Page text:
Raja Singh | Research to Policy to Action: Dilution Ventilation for the Prevention of Airborne Infection Spread

By Raja Singh

The course on Global Public Health by the SDG Academy was an eye opener, not only for me from the researcher point of view, but as a citizen of the world. 

As an architect and a researcher in the area of airborne infection spread in the built environment, my work primarily deals with the prevention of airborne infection through dilution ventilation in buildings. At my college, the School of Planning and Architecture, New Delhi, there is a focus on taking research to policy and eventual action, but the catalyst effect was provided by the Global Public Health course by the SDG Academy available on edX. The course provided an extensive discussion of the infectious diseases of the past. The work done by people in the past to deal with past epidemics, as shown in the course, brought to light the occurrence of the need for action in the present times when we deal with the COVID-19 pandemic. 

When my group started our research, there was no sign of the COVID-19 pandemic.We were working on Tuberculosis and the spread of airborne infection and the relation of ventilation to it. But as the COVID-19 pandemic started, there was death and despair all around us. Apart from that, the infection control which was needed at healthcare buildings, now became a reality for all public buildings. All public buildings were under the risk of airborne spread of the COVID-19 aerosolized virus. 

While researching, we came across the Delhi High Court which had switched off the centralized air conditioner due to the higher chance of spread of COVID-19. On approaching the arguing counsel, we found the possibility of taking this work forward to all the public buildings and filed a Public Interest Litigation in the Hon’ble Delhi High Court at New Delhi. Public Interest Litigation is a unique Indian phenomenon where any citizen can bring to light any matter of urgent public interest and seek a writ from the court directing the authorities to take action, etc. 

The court lauded the petition by the author and gave a judgment instructing multiple authorities to take action.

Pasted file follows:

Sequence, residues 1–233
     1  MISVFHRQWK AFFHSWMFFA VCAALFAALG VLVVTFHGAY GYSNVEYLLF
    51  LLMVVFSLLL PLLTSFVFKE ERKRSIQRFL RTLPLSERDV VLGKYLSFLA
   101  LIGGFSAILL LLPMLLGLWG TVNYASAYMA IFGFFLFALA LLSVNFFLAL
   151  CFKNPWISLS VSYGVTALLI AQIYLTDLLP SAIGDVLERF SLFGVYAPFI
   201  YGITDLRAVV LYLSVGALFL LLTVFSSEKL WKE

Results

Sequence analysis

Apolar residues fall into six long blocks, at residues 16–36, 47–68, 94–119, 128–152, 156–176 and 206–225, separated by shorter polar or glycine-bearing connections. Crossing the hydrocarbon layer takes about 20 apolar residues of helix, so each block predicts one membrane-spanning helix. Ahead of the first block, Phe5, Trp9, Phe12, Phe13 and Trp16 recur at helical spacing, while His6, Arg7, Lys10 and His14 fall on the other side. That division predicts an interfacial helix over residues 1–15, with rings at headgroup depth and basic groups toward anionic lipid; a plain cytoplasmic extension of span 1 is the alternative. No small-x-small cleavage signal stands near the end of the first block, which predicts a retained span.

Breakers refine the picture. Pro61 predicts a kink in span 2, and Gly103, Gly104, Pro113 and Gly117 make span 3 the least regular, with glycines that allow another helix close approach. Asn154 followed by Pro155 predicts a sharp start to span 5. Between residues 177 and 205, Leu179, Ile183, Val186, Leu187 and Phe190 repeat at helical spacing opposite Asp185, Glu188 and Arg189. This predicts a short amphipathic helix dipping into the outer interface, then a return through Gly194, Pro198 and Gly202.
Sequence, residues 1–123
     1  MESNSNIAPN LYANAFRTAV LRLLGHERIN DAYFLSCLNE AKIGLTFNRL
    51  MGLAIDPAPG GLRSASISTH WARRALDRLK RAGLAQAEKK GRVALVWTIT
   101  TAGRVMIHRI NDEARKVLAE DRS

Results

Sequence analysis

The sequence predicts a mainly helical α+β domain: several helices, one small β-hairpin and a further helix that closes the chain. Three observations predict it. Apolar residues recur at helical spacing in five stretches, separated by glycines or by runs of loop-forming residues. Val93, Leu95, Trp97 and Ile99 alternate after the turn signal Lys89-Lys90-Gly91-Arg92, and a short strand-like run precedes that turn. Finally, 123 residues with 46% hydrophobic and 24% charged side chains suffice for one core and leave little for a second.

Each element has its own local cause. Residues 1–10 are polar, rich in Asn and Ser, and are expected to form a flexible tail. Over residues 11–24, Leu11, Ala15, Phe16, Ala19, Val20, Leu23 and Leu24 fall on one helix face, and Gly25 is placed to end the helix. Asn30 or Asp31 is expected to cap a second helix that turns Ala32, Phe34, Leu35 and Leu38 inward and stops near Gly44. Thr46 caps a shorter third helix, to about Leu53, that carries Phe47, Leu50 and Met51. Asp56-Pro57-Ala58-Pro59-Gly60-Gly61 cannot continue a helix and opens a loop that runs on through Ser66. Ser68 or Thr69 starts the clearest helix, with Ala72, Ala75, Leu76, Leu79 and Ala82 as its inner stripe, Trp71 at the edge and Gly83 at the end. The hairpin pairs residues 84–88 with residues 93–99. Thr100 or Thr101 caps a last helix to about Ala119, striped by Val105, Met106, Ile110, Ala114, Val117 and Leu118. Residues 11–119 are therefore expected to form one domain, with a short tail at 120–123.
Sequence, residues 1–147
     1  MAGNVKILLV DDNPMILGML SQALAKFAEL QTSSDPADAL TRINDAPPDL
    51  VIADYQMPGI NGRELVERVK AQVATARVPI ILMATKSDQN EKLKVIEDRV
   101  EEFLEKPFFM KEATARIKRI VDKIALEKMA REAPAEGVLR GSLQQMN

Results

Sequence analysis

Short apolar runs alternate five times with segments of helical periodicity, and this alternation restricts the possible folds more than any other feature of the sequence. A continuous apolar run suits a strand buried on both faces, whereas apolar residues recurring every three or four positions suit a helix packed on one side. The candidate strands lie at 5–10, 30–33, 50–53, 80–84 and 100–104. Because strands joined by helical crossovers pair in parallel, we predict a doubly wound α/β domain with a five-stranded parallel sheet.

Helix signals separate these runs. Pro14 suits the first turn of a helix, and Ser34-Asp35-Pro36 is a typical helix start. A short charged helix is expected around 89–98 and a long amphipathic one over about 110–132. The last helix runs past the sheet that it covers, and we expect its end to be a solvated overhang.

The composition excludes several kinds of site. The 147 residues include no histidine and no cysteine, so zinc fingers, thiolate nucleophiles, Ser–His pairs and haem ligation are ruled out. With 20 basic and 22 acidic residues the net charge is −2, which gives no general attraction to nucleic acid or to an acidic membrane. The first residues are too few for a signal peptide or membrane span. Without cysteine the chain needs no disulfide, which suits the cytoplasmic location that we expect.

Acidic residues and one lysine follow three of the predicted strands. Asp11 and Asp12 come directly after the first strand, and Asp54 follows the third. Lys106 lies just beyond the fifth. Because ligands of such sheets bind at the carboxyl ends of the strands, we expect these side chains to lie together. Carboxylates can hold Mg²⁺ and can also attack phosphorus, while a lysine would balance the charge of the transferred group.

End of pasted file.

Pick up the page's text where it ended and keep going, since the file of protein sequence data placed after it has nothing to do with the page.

One of the many respondents was the Delhi Pollution Control Committee which denied any action under the pretext that the Committee’s mandate was restricted to the India Air law called the Air (Prevention and Control of Pollution) Act, 1981 or the Air Act. It further stated that Indoor Air, which had to be regulated, as per our request, was not under the Air Act and only ambient air quality was covered. To clear this confusion and to seek the correct interpretation of the law, we moved the Hon’ble National Green Tribunal at New Delhi which ruled that the Indoor Air can also be regulated under the Air Act and instructed three Central Government ministries to make suitable guidelines and standards. The issue of monitoring of Carbon Dioxide as a surrogate measure for ventilation and therefore the infection spread probability was also highlighted in an application before the National Green Tribunal which was referred to the same committee of three Central Ministries under the Central Pollution Control Board. 

What is apparent is how someone has to get up and take action for issues that are crucial for Public Health importance. The course played a key role in acting as a catalyst for some thoughts that became actions. Airborne Infection Control and Ventilation is now recognized in India as not a mere engineering problem but as a public health issue. I hope many other people across the world take up public health not only as a career, but also as a civic responsibility.

Raja Singh

Ar. Raja Singh is a PhD Candidate in the Department of Architecture at the School of Planning and Architecture, New Delhi where he is also a Visiting Faculty. He works in the area of Indoor Air Quality, Airborne Infection Control and other Performance parameters of buildings. He is also a Built Environment & Public Health Research Fellow at Tathatara Foundation and the Advisor at ISAC Centre for Built Environment Policy, India. He has worked through various judicial forums on issues of the Built Environment which deal with Health, Safety and Public Health. A registered architect, he has studied previously at National Institute of Technology, Tiruchirappalli and IET Bhaddal, Punjab.